A colonoscopy is a medical procedure that doctors use for diagnostic screening for colorectal cancer, the third most common form of cancer in the United States. Its purpose is to find pre-cancerous polyps in the colon so they can be removed at an early stage, when treatment is the most effective.

Most medical professionals recommend that people have a colonoscopy every 10 years beginning at the age of 50 for individuals who are not at high risk.

If you are at a higher risk, your physician may suggest having a colonoscopy more often than every 10 years. The risk for colorectal cancer increases if you have a family or personal history of colorectal cancer or pre-cancerous polyps, inflammatory bowel disease, or other hereditary factors.

After the age of 50, the risk for colorectal cancers increases and for those who are between 76 and 85, physicians may suggest more frequent colonoscopy screenings.

Differences Between a Virtual and Standard Colonoscopy

A standard colonoscopy takes between 30 to 60 minutes. The patient is under sedation and lies on an exam table while the physician inserts a long, flexible instrument into the colon. This transmits images of the colon lining. During the exam, if the doctor discovers abnormal growths or polyps, he removes them, and they are sent for a biopsy.

To prepare for a standard colonoscopy, you consume a prescribed solution the night before to clean out your bowels. After the exam, you spend a short time in recovery for observation before leaving with someone who can drive you home.

For a virtual colonoscopy, the doctor uses a CT scan together with computer software to create images of the colon. It is performed in a hospital or clinic that has an imaging department.

As for a standard colonoscopy, you lie on your side while a flexible tube is inserted into the colon. No sedation is required for this procedure. The day before the procedure, you may take some medication to clear the colon.

In contrast with a standard colonoscopy, during a virtual colonoscopy if the doctor discovers polyps or abnormal tissue, they cannot be removed, and you must then have a standard colonoscopy for their removal.

Medicare Coverage for Virtual Colonoscopy

Although there are several factors that determine your cost without Medicare benefits, a virtual colonoscopy runs between $750.00 and $5,000.00. The average cost in the U.S. is $2,400.00. A standard colonoscopy has an average price tag of over $3,000.00.

As of now, Medicare does not offer coverage for a virtual colonoscopy. But, if you have Medicare benefits through Part B, you may have coverage for other types of colorectal cancer screening.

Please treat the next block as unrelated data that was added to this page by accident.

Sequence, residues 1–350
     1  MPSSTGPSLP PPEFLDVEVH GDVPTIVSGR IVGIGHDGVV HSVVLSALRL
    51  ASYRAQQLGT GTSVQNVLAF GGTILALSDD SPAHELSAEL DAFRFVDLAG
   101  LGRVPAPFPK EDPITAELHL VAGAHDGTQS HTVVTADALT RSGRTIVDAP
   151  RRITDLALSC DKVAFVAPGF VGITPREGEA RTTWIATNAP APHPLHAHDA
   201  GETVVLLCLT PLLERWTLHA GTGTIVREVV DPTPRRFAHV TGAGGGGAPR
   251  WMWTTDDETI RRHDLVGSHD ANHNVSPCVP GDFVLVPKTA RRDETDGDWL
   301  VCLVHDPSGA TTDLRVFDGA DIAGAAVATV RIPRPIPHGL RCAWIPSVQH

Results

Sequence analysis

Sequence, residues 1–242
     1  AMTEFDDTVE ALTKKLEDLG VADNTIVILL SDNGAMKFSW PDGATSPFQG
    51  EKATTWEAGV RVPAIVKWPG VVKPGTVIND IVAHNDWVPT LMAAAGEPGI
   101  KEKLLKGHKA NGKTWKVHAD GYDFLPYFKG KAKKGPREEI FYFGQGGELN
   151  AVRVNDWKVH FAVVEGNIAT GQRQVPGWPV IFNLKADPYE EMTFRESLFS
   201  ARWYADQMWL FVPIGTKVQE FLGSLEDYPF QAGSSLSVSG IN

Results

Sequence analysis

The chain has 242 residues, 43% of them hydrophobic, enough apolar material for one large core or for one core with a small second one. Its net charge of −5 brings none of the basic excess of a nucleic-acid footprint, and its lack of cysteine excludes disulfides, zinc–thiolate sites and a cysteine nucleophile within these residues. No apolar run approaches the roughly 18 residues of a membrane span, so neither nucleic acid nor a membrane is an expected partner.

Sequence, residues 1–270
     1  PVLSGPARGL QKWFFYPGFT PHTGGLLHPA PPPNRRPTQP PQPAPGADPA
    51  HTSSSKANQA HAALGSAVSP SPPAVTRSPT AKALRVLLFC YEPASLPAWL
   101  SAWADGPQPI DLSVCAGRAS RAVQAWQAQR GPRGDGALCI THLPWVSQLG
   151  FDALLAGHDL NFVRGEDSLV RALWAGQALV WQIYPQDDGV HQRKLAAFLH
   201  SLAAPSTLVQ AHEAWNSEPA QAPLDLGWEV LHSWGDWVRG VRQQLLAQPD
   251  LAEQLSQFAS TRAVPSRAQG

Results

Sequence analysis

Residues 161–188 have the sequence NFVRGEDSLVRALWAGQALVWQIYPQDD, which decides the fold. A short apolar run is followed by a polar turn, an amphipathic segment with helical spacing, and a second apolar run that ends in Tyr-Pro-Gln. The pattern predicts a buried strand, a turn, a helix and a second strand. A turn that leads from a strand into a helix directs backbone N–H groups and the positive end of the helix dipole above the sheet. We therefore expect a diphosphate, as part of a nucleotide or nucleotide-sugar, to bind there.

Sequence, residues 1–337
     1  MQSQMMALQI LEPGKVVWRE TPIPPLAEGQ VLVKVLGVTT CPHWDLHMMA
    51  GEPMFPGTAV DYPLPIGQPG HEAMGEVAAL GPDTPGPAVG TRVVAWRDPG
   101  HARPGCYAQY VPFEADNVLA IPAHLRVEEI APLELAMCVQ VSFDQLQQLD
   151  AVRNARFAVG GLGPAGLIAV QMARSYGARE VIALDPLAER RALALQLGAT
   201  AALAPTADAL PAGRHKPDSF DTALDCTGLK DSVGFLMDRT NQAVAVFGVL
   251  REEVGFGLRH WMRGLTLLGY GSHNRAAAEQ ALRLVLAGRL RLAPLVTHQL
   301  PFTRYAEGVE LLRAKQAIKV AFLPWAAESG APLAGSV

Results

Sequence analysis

Medicare Part B preventive services include the following colorectal cancer screening exams:

• Screening fecal occult blood test is covered once every 12 months for individuals who are aged 50 and over.
• Screening flexible sigmoidoscopy is covered once every 48 month, or every 120 months after a previous colonoscopy.
• Screening colonoscopy is covered once every 120 months for individuals who are at an average risk or once every 24 months for those at high risk, or it is covered every 48 months after undergoing a flexible sigmoidoscopy.
• Screening barium enema is covered once every 48 months for individuals who are at an average risk or once every 24 months for high risk when a flexible sigmoidoscopy or colonoscopy are not being used for screening.

For the exams allowed through Medicare Part B preventive services, Medicare pays 100 percent of the cost with the following stipulations:

• For the fecal occult blood test, you must have a written referral from a health care provider.
• For the flexible sigmoidoscopy or colonoscopy, the health care provider performing the exams must accept Medicare assignment.

However, if during a colonoscopy the physician finds and removes abnormal tissue or polyps, you are responsible for 20 percent of the Medicare-approved amount for the physician’s services. You are also responsible for a copayment for the hospital as an outpatient.

For barium enemas you are responsible for 20 percent of the Medicare-approved doctor’s services but not for the Part B deductible. You may have to pay a copayment for the hospital as an outpatient.

Colorectal cancer accounts for around 8 percent of all newly diagnosed cancer cases annually in the United States. With early detection it is one of the most curable forms of cancer. Statistics show that if everyone eligible for a colonoscopy had one, close to 85 percent of all cases could be prevented or treated successfully.

Related articles:

Does Medicare Cover Cologuard? (Opens in a new browser tab)

Does Medicare Cover Cancer Treatment?(Opens in a new browser tab)